Cell Phone Use Strains the Neck
As a society, we have all become more reliant on the use of cell phones and handheld devices. We stay connected and informed, but at what cost to our health? The amount of time you spend looking down at the screen on your phone or device strains your back and especially your neck. You may have even heard the term “text neck”, as the problem becomes more prevalent. We can make smarter choices about how to use devices every day, and reduce strain on our bodies without having to unplug and disconnect.
Looking Down Brings You Down
The average adult head weighs between 10 and 12 pounds, and neck muscles are meant to support the weight of the head in a neutral position. Looking down at a screen increases the strain on your neck as if your neck is carrying a lot more weight. Tilting your head forward just 15 degrees adds enough force to double the weight your neck is supporting, and the greater the angle, the greater strain. Many people who text with their chin near the neck are tilting the head forward 60 degrees, which increases the load to about 60 pounds!
Save Your Neck!
Starting with good posture will always reduce strain on your neck. Sit up straight with your shoulders lined up above your hips and your head upright. Hold your phone or device up higher rather than looking further down to see what is on your screen. If you work on a computer a lot, position your monitor at eye level to avoid looking up or down too much.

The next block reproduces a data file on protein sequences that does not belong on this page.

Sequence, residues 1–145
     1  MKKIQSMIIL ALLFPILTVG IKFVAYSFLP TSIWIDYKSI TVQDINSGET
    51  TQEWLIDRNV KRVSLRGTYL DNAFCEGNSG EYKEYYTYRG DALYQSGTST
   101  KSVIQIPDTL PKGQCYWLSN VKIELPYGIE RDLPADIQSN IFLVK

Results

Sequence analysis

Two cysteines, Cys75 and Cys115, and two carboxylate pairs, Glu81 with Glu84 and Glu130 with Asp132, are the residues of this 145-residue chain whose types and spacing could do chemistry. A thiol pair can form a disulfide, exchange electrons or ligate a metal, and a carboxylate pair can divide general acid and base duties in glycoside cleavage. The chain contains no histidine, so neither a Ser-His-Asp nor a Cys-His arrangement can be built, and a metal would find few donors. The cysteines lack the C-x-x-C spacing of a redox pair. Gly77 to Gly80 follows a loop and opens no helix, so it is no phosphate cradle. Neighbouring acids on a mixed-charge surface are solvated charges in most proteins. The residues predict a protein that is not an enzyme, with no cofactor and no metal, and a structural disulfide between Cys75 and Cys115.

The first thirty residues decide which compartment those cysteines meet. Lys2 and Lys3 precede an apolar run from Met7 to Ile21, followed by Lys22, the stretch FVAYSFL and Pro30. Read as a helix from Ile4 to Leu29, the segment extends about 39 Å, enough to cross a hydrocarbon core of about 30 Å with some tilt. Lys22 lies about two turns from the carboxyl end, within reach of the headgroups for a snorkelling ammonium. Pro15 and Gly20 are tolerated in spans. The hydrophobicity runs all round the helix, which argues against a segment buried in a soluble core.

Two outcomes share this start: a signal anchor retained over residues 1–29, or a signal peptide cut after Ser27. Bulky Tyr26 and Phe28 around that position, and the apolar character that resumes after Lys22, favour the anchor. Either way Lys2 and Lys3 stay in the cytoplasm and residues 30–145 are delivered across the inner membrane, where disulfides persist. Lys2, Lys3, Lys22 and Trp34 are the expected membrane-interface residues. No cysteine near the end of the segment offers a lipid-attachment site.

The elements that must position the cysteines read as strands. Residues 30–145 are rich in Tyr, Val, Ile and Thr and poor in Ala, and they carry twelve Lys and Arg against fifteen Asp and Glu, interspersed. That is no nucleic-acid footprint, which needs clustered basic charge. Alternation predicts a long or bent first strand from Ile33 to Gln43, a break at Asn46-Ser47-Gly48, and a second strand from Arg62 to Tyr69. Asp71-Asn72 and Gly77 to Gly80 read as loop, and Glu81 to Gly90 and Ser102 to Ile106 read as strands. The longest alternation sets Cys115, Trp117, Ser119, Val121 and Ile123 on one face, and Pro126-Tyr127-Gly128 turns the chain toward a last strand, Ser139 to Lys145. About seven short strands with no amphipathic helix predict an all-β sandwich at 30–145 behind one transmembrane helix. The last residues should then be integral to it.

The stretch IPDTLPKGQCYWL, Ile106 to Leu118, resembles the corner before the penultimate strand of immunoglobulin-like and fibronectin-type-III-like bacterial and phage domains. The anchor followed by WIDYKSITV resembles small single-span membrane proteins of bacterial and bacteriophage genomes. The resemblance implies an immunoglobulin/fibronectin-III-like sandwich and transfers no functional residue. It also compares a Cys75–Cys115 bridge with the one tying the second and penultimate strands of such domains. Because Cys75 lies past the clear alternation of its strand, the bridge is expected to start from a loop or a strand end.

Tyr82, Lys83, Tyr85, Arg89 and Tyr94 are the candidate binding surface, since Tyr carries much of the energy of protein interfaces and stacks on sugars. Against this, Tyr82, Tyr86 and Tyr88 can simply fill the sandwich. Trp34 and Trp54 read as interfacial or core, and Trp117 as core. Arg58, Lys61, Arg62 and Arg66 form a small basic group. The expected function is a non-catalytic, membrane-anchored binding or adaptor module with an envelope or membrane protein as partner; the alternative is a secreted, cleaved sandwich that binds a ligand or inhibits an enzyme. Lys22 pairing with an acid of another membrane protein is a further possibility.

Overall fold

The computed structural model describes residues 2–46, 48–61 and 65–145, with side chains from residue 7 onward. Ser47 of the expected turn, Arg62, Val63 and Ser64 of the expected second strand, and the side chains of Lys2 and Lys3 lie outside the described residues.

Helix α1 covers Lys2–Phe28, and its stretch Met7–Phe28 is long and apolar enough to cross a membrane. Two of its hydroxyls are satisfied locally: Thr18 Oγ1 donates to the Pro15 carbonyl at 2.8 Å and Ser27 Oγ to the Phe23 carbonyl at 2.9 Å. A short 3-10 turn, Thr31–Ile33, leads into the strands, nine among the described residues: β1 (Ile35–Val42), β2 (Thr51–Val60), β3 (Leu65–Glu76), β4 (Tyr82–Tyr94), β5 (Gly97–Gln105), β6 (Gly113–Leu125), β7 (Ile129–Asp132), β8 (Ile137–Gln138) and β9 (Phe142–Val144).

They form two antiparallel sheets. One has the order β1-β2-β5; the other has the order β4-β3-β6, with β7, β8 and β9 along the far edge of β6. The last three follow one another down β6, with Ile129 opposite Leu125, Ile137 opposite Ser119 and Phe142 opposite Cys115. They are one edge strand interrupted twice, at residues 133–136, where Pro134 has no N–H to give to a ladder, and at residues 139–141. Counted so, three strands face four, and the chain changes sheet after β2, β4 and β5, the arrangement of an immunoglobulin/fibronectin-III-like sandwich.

Stretching your neck is also important to reduce the risk of painful strain. When your neck muscles are strong and flexible, it is easier for you to keep go less likely to have a painful spasm.
You should make your technology work for you! There are mobile apps available that can alert you when your phone is being held at a bad angle for your neck. You can also set reminders on your device to take breaks from looking at the screen and to stretch throughout the day.
This newsletter/website is not intended to replace the services of a doctor. It does not constitute a doctor-patient relationship. Information in this newsletter/website is for informational purposes only & is not a substitute for professional advice. Please do not use the information contained herein for diagnosing or treating any condition.